Tallahassee, FL - Prompted by a flurry of opposition from police, fire and other public employees, a Senate panel on Tuesday discussed some proposed changes to a cost-cutting public pension overhaul that would be more employee friendly then a proposal championed by Gov. Rick Scott.
Following a contentious four-hour marathon workshop on Friday, the Senate Government Oversight and Accountability Committee on Tuesday introduced some changes that give local governments flexibility in determining pension types while making retirement benefits more attractive for employees by, for example, increasing the salary base upon which pensions are calculated.
The committee took another 90 minutes of testimony on that issue before calling it quits without a vote on SB 1130, a proposal by committee chairman Sen. Jeremy Ring, D-Margate, that makes the most significant changes to local plans since 1999, when state lawmakers last acted to prop up pension plans in the wake of major fiscal crisis in Miami.
Local pension reform has come under particular fire from local law enforcement groups whose members are covered by such plans, instead of the larger Florida Retirement System. City and county officials, meanwhile, say generous retirement packages are, in some cases, breaking the bank.
Ring’s original proposal would have tied new pensions to base salary only, but in a nod to police and fire unions, an amendment offered Tuesday by Sen., Jack Latvala, R-St. Petersburg, would allow up to 300 hours of overtime to be calculated into their pension benefits.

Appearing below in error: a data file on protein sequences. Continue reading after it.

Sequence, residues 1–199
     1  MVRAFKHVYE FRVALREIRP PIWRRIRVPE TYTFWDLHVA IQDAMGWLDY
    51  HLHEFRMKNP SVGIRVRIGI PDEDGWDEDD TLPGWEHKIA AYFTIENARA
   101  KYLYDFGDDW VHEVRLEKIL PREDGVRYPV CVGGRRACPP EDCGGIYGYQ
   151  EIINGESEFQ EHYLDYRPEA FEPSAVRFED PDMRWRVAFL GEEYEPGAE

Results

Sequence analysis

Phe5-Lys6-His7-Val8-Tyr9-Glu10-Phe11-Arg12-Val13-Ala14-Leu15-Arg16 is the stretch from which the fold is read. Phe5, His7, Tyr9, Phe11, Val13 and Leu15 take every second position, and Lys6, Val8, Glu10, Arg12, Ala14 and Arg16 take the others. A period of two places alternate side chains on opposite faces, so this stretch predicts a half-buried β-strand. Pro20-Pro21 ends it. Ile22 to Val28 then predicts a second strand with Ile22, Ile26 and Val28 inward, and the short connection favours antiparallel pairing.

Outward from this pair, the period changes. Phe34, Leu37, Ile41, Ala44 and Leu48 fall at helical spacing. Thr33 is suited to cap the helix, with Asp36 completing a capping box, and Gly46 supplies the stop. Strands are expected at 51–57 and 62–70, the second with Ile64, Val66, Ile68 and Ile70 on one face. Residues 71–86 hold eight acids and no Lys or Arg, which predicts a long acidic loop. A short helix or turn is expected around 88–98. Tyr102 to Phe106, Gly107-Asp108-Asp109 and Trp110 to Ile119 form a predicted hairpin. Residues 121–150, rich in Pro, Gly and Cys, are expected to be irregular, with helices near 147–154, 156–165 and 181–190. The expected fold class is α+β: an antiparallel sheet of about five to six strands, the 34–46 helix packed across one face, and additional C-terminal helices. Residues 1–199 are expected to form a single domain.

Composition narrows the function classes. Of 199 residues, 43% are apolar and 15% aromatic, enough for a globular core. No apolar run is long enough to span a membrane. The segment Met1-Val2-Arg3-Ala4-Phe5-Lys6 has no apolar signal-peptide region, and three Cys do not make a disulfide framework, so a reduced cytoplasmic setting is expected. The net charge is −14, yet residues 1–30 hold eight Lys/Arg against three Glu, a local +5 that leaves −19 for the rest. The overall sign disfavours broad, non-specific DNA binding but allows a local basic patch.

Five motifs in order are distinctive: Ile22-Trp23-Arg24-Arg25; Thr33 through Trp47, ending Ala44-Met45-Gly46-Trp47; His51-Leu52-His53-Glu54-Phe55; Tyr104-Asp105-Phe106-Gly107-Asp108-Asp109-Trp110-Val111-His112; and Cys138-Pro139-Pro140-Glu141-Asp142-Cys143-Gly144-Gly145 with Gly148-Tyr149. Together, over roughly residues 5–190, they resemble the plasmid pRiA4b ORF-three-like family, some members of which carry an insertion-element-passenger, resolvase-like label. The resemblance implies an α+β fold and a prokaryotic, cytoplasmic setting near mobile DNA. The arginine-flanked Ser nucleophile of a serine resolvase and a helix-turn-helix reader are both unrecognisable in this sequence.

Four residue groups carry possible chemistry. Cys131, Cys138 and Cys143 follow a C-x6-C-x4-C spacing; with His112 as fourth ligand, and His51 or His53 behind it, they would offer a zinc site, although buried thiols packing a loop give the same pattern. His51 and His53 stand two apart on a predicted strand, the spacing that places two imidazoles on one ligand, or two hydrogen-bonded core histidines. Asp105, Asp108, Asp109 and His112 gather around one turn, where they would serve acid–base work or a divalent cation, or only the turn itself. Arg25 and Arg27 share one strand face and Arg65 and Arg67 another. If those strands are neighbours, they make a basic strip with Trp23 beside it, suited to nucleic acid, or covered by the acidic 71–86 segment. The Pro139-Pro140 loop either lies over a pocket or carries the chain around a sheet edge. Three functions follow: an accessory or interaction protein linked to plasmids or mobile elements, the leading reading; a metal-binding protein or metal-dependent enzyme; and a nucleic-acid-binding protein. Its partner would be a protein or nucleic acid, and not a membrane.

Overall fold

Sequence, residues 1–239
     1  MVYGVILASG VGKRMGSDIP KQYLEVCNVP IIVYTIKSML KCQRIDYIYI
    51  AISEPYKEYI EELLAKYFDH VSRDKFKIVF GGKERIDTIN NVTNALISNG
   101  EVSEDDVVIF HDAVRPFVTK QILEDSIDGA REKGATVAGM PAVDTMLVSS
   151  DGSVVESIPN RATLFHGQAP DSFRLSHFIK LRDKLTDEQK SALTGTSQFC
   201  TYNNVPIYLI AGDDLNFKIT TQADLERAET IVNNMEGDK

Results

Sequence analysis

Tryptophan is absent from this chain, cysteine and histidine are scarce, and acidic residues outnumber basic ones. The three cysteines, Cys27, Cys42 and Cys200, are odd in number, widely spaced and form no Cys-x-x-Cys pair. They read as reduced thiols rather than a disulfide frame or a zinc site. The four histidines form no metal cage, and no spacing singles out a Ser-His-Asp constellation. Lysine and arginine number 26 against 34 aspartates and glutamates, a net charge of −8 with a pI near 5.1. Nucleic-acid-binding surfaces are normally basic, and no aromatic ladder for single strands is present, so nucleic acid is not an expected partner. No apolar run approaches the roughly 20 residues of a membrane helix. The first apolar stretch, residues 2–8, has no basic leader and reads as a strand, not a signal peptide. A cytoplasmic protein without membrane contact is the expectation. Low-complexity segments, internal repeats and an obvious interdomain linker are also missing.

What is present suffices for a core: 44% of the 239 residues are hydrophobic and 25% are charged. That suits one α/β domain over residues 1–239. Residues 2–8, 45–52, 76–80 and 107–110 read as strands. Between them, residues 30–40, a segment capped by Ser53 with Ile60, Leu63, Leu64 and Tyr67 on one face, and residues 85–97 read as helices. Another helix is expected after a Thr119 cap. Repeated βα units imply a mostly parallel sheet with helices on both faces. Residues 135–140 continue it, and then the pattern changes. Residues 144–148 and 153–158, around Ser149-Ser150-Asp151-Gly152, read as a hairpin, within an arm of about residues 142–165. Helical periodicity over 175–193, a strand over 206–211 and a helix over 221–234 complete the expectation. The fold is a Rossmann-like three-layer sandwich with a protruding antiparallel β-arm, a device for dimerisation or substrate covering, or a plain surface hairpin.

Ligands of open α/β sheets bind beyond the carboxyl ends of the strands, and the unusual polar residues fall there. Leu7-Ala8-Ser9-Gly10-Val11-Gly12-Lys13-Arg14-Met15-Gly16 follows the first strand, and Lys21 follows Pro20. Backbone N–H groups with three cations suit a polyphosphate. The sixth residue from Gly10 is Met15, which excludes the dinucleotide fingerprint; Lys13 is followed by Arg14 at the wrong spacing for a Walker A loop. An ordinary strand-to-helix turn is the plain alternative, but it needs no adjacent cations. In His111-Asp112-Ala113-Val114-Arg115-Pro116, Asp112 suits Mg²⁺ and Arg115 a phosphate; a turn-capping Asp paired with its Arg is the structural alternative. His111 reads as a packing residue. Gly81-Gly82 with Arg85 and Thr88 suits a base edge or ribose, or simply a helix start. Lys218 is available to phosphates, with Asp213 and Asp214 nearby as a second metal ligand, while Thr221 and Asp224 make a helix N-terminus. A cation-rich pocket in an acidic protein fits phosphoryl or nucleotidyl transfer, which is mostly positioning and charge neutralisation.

Another Latvala amendment included provisions to provide specific disability benefits for employees hired after July 1, 2011. Ring said he wants to panel to vote on the bill when members return in two weeks.
The panel is also considering another measure (SB 1128) dealing with the FRS, which covers the pensions of 655,000 state, county and school district employees.
Under the legislation, new employees in the FRS plan would be required to join 401(k)-style investment plans. Though originally constrained in the same manner, local governments could continue to offer traditional pension plans that, unlike 401(k)s, provide employees a definitive payout not tied to the performance of the fund in the marketplace.
Union representatives say local pension funds aren’t broken.
“This is a terrible bill,” said Ron Silver, a former state senator who now represents city of Miami workers. “The only acceptable amendment for this bill is to strike everything after the enacting clause….The concept of trying to regulate local pension plans is wrong.”
Following the hearing, Ring said the bill likely will change more before it comes back to the committee during the first week of the 2011 session.
“This bill is a reform because we’ve got a major budget crisis,” Ring said. “It’s a reform because we have unfunded liability.”
He also dismissed allegations that the pension reforms are political attempts to weaken the unions, which fought hard against Scott’s election and that of many Republican leaders.
“Look at the governor’s bill, look at our bill two weeks ago and then look at it today,” Ring said. “It would seem to me that
there has been a lot of union influence thus far.”